If children didn't witness the abuse, they won't have been affected by it.
Sheena: Domestic abuse affects everybody in the family. The Domestic Abuse Act 2021 recognises that children are victims of domestic abuse where they see, hear or experience the effects of the abuse. Where domestic abuse takes place between parents, it frequently impacts them as parents as well as impacting them as individuals.
Caroline: There is a wealth of evidence to show that children are affected by domestic abuse, even if they are not directly witnessing it. They will most likely hear what is happening - if there is physical or verbal abuse - and will experience fear for the victim and for themselves. They may also be directly affected if they have to monitor their own behaviour as a means of preventing an escalation, for example by being ‘quiet’. They may also be ‘weaponised’ by the abusive parent as a means of exerting further control over the victim, for example by encouraging them to align themselves with the abusive parent, or even be coerced to directly abuse the victim-parent themselves. The consequences of living in an abusive home has a direct impact not only on their emotional wellbeing, but also on the child’s ability to thrive academically and to build safe relationships in the future.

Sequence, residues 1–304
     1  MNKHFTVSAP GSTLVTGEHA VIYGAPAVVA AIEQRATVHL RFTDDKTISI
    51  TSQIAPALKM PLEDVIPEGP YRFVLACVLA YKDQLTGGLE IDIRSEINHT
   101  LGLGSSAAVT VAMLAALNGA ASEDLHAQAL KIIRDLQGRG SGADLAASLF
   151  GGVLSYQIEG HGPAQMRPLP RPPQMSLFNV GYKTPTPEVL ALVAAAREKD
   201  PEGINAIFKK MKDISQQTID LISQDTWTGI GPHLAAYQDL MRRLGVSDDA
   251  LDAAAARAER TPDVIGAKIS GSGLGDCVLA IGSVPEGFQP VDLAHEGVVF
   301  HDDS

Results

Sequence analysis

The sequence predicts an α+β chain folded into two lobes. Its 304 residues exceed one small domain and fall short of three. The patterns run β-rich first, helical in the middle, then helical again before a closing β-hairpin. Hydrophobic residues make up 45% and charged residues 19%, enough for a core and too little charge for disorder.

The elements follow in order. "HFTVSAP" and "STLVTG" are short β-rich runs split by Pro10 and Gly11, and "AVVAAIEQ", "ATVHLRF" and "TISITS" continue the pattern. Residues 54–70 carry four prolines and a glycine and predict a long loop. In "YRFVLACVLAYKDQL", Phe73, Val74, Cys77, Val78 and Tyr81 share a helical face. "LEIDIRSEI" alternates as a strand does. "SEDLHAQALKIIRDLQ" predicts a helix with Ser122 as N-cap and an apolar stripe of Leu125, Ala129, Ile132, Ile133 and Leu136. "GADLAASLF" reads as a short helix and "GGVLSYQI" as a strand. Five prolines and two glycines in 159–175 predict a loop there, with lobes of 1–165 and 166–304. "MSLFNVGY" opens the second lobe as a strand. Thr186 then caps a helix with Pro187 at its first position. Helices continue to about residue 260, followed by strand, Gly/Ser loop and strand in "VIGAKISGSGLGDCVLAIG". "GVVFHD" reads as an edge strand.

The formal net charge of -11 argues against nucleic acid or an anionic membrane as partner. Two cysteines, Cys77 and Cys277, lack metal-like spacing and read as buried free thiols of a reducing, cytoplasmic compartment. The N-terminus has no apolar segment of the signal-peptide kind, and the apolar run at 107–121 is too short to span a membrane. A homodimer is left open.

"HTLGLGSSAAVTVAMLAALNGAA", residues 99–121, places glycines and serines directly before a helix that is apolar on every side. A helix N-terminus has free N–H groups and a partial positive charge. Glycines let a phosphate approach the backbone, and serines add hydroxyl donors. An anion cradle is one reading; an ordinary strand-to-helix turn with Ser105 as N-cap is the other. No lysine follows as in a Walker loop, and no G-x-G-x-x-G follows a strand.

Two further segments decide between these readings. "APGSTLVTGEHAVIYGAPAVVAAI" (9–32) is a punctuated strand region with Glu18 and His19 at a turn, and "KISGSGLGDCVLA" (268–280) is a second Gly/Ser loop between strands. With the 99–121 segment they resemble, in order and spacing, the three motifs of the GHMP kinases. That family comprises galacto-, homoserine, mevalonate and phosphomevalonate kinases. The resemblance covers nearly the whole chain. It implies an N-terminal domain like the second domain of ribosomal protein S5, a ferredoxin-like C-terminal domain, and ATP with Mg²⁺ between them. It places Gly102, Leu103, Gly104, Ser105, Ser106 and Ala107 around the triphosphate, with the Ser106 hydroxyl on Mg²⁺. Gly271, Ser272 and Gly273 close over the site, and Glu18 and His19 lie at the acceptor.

Domestic abuse won't be taken seriously by the courts unless there was violent behaviour.
Sheena: Courts are increasingly aware of the very serious impact that coercive and controlling behaviour – which often consists of a pattern of individually seemingly minor actions – can have on the victim's autonomy and wellbeing. Guidance from the Court of Appeal has stressed the importance of the court considering the whole pattern of behaviour between the alleged abuser and alleged victim when considering whether abuse has taken place and, if it has, the effect it has had.
Caroline: Fortunately, there is now far greater recognition that domestic abusers do not need to use violence in order to control the survivor. Coercive control is now recognised as a tactic of abuse and can effectively limit the survivor’s life without any violence taking place. Indeed, the change in language from Domestic Violence to Domestic Abuse articulates the change in understanding that physical violence is just one tactic of control, but there is more to be done in this regard. In my experience, courts can still lack understanding regarding how control can be perpetrated and likewise, some victims continue to feel that they won’t be taken seriously by the court if they are not able to show bruises.
Successful people can also be victims of domestic abuse.
Domestic Abuse can affect anyone, regardless of their gender, profession, level of education, religion, race or perceived success. It is experienced by more than one in four women and one in six men in the UK. As domestic abuse develops over a period of time, with many controlling behaviours having to be normalised or minimised by the survivor, domestic abuse becomes part of the victims’ everyday lived experience. This can occur in any relationship and in any walk of life. Indeed, being ‘successful’ can be a barrier to reaching out for support as there is a notion that domestic abuse only occurs within certain tranches of society. This can lead to feelings of shame and humiliation for many survivors and can mean they remain in an abusive relationship for longer.